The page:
This is the fourth and last post of my Asterisk + Twilio series:
- Asterisk + Twilio: Motivation (Part I)
- Asterisk + Twilio: The hardware, Cisco SPA3102 and the FXO vs FXS ports (Part II)
- Asterisk + Twilio: Making calls from home to twilio (Part III)
- Asterisk + Twilio: Receiving calls from twilio (Part IV)
Aaaand now to the most interesting (and challenging) part of the journey… receiving calls from twilio to my Asterisk.
I have a twilio US number, and wand to forward incoming calls to my mobile phone. As I said on the first post of the Asterisk + Twilio series, that works just fine on twilio, but it’s a little too expensive (38 cents per minute).
So, I wanted twilio to forward the call to Asterisk so that it calls me from my landline (which takes the cost down to about 15 cents + 0.25 cents per minute of the SIP call) taking the cost to less than a half.
I carefully read twilio’s SIP reference, and set up a device on
sip.conf this way
Then, I had my number set up to point to a url that returned this xml
As the username and password would travel here, I bought an SSL from Comodo (at $7 per year) and used twilio’s signature in the message to validate the request… this way, I’d only reply to genuine requests and my replies would be encrypted by SSL. According to what I understood, twilio would send an INVITE using
mypass as password and that would do the trick… but my Asterisk just returned
and when I inspected the SIP packages (by downloading the PCap Log from twilio… you gotta love their debug tools) I saw this
which definitely made it look like the username I chose wasn’t being sent (at least, not in the
From, which is where Asterisk expects it for devices with type=user).
Then, I checked the ip twilio contacted me from and changed the device to
To my surprise… it worked! so, it looked like I had to use type = peer and create a device per ip… but they’re 23! and every device needs a different name, so I should know which IP twilio is going to use to choose the username matching the device… nope, that wouldn’t fly. Then, I realized I could do this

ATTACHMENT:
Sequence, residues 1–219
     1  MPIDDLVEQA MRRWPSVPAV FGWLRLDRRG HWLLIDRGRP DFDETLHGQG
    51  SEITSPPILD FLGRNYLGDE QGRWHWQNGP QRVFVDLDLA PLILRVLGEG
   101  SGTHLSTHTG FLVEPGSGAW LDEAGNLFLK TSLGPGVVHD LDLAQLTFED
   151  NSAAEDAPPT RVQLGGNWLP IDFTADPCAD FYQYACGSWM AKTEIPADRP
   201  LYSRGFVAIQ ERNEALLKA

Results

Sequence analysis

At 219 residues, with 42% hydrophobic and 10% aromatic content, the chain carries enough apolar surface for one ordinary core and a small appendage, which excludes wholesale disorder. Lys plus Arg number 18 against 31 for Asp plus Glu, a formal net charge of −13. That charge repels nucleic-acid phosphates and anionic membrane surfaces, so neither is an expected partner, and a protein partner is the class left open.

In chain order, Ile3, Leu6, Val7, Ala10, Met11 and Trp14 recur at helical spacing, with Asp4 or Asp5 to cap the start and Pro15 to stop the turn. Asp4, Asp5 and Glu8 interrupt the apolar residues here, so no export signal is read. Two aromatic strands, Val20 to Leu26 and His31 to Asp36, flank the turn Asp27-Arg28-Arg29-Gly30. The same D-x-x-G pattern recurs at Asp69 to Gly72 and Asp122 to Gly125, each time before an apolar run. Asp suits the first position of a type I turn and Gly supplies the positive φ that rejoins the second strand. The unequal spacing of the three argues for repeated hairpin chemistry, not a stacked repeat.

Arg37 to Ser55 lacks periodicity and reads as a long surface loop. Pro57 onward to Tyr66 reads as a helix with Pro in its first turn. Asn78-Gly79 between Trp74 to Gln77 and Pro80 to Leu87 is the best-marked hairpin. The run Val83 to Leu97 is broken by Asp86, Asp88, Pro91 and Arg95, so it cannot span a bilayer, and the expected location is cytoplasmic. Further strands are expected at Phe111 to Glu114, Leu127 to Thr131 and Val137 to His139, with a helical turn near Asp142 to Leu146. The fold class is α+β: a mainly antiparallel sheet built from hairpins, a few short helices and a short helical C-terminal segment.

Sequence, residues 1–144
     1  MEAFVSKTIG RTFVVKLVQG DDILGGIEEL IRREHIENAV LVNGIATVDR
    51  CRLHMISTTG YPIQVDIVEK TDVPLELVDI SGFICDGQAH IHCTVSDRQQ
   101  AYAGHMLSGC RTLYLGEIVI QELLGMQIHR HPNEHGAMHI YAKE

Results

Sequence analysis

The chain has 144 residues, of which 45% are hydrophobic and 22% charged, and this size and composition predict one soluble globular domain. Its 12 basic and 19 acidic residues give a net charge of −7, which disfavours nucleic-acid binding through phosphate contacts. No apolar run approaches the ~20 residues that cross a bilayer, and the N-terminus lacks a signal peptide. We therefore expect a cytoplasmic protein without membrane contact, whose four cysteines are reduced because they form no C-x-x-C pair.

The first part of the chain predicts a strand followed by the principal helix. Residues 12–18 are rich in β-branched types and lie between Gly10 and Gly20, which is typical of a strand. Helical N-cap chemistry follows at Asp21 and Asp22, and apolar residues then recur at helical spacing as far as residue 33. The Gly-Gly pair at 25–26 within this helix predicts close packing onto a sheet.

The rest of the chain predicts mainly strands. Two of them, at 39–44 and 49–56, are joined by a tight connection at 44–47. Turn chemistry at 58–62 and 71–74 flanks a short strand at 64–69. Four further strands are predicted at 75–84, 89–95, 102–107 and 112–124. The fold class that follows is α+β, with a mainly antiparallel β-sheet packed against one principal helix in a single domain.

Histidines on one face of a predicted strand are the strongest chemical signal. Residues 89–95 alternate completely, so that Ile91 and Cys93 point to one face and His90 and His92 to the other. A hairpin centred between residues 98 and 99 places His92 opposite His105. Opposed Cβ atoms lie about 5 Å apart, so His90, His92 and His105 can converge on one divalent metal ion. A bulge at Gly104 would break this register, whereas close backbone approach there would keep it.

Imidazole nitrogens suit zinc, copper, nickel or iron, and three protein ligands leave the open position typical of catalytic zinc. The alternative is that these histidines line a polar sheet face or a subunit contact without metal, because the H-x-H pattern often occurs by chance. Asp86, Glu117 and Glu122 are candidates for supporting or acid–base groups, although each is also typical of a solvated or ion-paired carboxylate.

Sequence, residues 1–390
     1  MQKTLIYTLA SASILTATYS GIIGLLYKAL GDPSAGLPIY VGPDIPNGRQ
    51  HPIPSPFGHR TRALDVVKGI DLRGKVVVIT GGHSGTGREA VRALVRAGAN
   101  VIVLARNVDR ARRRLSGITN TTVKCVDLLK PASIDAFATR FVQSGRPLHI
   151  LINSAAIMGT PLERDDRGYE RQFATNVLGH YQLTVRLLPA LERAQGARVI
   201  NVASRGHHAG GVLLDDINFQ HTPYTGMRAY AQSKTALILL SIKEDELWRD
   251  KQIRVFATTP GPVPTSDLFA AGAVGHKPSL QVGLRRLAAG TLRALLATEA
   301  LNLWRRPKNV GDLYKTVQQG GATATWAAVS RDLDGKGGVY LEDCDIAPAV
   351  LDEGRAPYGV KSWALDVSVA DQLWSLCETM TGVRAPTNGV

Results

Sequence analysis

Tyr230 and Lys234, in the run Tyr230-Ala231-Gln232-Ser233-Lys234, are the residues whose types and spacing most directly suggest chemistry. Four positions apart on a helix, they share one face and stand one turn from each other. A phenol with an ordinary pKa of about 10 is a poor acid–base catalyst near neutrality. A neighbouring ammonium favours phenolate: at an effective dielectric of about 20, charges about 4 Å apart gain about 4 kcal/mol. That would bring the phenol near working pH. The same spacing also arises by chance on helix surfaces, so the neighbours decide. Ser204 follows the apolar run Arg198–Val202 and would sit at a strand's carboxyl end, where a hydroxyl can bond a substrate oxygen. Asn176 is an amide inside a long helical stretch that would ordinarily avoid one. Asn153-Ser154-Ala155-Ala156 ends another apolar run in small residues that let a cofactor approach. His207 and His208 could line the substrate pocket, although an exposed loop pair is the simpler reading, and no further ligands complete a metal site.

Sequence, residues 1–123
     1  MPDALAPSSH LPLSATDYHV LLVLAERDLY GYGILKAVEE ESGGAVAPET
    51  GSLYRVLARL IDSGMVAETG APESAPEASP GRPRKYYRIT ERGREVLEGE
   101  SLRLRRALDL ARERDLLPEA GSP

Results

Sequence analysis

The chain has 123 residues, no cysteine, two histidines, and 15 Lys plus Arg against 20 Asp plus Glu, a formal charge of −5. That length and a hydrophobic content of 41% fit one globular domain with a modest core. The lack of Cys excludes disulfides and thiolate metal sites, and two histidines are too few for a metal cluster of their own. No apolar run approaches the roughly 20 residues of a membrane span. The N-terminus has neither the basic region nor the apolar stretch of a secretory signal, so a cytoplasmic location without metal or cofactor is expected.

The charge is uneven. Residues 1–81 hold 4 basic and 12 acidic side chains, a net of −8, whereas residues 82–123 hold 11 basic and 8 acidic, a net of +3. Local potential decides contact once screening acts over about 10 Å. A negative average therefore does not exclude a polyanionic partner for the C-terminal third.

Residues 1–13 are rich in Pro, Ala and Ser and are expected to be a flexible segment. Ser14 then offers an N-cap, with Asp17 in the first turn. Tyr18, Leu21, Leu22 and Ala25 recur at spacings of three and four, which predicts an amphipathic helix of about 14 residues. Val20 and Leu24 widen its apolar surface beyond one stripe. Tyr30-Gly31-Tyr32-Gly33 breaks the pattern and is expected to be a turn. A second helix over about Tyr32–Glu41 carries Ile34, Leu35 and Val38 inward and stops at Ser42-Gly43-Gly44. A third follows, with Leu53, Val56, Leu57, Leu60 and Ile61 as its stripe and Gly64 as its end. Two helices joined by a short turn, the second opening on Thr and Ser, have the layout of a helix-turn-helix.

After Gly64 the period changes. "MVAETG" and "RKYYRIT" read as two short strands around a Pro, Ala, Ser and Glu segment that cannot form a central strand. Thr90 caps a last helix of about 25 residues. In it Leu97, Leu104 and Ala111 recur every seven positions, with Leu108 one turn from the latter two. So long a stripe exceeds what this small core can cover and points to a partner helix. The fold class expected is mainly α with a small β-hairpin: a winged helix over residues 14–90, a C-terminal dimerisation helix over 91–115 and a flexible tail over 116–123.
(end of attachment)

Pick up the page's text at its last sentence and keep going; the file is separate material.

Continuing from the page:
and even if doing
allowguest=yes may feel insecure, you’re identifying the peer by its ip… so an attacker should connect from one of those (and if the attacker had access to twilio’s infrastructure… well, they could certainly make a request and get my user/pass from the original xml).
Then, after that, my xml turned into this
which also feels safer (and those U$S 7 spent on the certificate a little less worthy). And set up the extension for it on my
to handle twilio’s calls to that extension. This works like a charm… but I’m an absolute noobie on Asterisk, so maybe
allowguest=yes is a vulnerability after all?
Well, and this is how I’m finishing this set of posts about Asterisk + Twilio, an experience that was extremely fun for me and I wanted to share. After this was working fine, I tweaked my logic to receive calls, so that if my Asterisk is down for whatever reason, I route the call through twilio as I used to… so the number points to an xml like this one
and the action that handles the call termination looks like this
PS: I wish I had a cool number like the one in the examples
PS2: Inspired by my question and answer at Stack Overflow